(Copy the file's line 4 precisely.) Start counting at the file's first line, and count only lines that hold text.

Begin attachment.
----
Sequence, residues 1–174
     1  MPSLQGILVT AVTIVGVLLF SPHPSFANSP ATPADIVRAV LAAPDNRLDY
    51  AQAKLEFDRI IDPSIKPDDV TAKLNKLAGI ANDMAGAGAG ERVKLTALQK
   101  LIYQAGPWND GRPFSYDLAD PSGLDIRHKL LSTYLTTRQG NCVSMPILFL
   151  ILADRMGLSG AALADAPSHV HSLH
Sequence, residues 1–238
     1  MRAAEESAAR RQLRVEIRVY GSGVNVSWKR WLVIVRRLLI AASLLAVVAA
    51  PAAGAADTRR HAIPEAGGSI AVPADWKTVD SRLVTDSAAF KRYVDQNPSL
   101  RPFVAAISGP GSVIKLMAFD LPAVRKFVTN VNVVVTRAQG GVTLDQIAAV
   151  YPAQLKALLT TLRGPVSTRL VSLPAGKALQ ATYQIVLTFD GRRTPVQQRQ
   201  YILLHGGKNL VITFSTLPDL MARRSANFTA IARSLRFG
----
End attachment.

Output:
   101  LIYQAGPWND GRPFSYDLAD PSGLDIRHKL LSTYLTTRQG NCVSMPILFL